Something similar happens inside your body when glucose refuses to move into the storage cells at insulin's command. The interior linings of your arteries, like the grassy field, are "ripped" and "trampled" as the body attempts to overcome this problem.
Eventually, the insulin "shepherds" corral the glucose, and order is restored in the body. But all is not well, for the "field" (the lining of your coronary arteries) is damaged, and there's other damage, as well. This damage sets the stage for heart disease.
We don't know exactly how many hearts have been attacked by Syndrome X, although it may be responsible for as many as 50 percent of all heart attacks - or even more. Unfortunately, very few people are aware of Syndrome X, know whether or not they have it or are doing anything about it. And their doctors aren't telling them
The best way to prevent Syndrome X is to choose your parents carefully. After all, if you have a family history of heart attack, you run a greater risk of having one yourself. But since the wonders of modern biology have yet to give us the option of choosing our parents, we must find a more practical solution.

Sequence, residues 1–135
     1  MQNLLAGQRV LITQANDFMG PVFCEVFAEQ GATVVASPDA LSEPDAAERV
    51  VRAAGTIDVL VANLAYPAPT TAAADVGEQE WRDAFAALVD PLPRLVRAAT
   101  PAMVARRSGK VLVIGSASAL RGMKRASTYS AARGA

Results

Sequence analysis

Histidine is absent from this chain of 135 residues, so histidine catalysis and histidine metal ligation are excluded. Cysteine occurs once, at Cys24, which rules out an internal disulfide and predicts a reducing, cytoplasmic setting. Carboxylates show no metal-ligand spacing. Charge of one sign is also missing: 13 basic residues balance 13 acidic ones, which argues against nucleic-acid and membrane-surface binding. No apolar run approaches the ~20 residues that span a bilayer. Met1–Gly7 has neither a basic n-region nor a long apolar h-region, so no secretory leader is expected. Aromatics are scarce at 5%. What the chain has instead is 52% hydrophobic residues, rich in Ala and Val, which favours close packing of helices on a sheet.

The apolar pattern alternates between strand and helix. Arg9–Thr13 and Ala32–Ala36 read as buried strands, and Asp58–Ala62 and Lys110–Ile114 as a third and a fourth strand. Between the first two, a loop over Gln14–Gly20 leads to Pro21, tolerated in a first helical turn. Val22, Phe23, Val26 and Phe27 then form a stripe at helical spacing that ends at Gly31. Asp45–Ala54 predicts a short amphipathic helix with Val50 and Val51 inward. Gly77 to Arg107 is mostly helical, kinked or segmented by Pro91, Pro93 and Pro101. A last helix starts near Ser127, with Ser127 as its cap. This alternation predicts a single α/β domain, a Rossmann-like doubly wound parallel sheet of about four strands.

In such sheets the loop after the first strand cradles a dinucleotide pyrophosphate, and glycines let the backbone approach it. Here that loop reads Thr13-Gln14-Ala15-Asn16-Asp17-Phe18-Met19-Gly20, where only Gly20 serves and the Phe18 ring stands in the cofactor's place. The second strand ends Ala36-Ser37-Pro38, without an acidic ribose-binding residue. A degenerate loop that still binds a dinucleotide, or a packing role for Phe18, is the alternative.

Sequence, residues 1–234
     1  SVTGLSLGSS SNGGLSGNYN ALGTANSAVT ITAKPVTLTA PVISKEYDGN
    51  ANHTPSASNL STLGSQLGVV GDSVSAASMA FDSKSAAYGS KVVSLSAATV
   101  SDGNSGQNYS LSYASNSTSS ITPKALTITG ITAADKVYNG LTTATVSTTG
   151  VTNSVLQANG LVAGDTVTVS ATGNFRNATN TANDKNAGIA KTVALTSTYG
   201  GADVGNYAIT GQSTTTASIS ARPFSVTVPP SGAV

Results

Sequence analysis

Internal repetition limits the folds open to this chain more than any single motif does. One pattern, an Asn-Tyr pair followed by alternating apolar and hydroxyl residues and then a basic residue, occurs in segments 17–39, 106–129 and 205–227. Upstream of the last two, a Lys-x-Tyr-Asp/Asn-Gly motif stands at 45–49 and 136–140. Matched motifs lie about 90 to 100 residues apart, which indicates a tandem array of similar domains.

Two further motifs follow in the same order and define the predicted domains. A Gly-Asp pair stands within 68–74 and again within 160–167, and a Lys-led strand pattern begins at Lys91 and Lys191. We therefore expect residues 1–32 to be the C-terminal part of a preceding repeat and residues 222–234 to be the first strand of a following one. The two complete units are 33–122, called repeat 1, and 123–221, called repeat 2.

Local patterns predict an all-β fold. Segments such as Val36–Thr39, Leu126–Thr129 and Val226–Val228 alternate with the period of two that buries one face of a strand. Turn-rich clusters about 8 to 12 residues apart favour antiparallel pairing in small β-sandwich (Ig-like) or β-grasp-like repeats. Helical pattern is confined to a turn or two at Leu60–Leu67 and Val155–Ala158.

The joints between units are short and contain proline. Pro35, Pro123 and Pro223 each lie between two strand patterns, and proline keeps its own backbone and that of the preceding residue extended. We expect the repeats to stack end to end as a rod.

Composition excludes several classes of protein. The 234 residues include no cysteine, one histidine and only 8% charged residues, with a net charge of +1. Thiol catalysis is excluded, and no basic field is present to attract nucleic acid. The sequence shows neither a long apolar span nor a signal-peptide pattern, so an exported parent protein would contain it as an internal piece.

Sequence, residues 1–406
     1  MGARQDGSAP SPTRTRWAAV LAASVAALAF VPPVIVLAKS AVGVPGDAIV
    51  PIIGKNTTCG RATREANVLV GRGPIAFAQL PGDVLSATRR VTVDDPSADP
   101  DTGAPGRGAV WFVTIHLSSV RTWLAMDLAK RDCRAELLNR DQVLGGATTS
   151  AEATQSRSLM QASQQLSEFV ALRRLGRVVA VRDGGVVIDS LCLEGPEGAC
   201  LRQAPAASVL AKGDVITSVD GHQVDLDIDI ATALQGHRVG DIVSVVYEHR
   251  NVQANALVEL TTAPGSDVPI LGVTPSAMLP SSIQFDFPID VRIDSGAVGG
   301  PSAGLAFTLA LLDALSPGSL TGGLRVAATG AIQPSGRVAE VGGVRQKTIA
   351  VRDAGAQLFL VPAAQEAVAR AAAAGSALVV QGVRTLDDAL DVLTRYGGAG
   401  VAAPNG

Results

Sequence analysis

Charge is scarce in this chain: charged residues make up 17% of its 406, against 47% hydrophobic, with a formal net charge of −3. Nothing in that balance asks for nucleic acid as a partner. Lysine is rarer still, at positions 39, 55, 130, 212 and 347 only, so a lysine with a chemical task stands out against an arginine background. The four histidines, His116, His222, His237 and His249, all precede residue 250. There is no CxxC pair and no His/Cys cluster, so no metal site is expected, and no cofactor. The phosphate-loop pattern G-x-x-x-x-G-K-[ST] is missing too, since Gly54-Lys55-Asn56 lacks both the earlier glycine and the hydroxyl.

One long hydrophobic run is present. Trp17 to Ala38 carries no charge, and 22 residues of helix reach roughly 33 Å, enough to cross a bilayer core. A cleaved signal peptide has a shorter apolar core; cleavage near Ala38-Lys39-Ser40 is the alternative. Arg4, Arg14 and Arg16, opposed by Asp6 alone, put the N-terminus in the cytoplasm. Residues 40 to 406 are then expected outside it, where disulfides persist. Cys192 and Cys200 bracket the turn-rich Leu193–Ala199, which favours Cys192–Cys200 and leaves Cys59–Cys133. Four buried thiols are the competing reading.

There are numerous heart attack prevention programs and diets. But none of them gives you the complete and effective approach that attacks all risk factors simultaneously, for none deals with Syndrome X and insulin resistance. In fact, much of their dietary advice makes the syndrome decidedly worse.
Not all cells need insulin in order to absorb blood sugar. Brain cells, for example, do so without the help of the hormone. It's as if evolution realized that getting fuel (glucose) into brain cells was too important a task to depend on the presence of insulin at the right time, in the right amounts. Kidney and red blood cells also "grab" the glucose they need without insulin's assistance. On the other hand, muscle and fat (adipose) cells depend on insulin's aid, and that's where the problems with insulin resistance arise.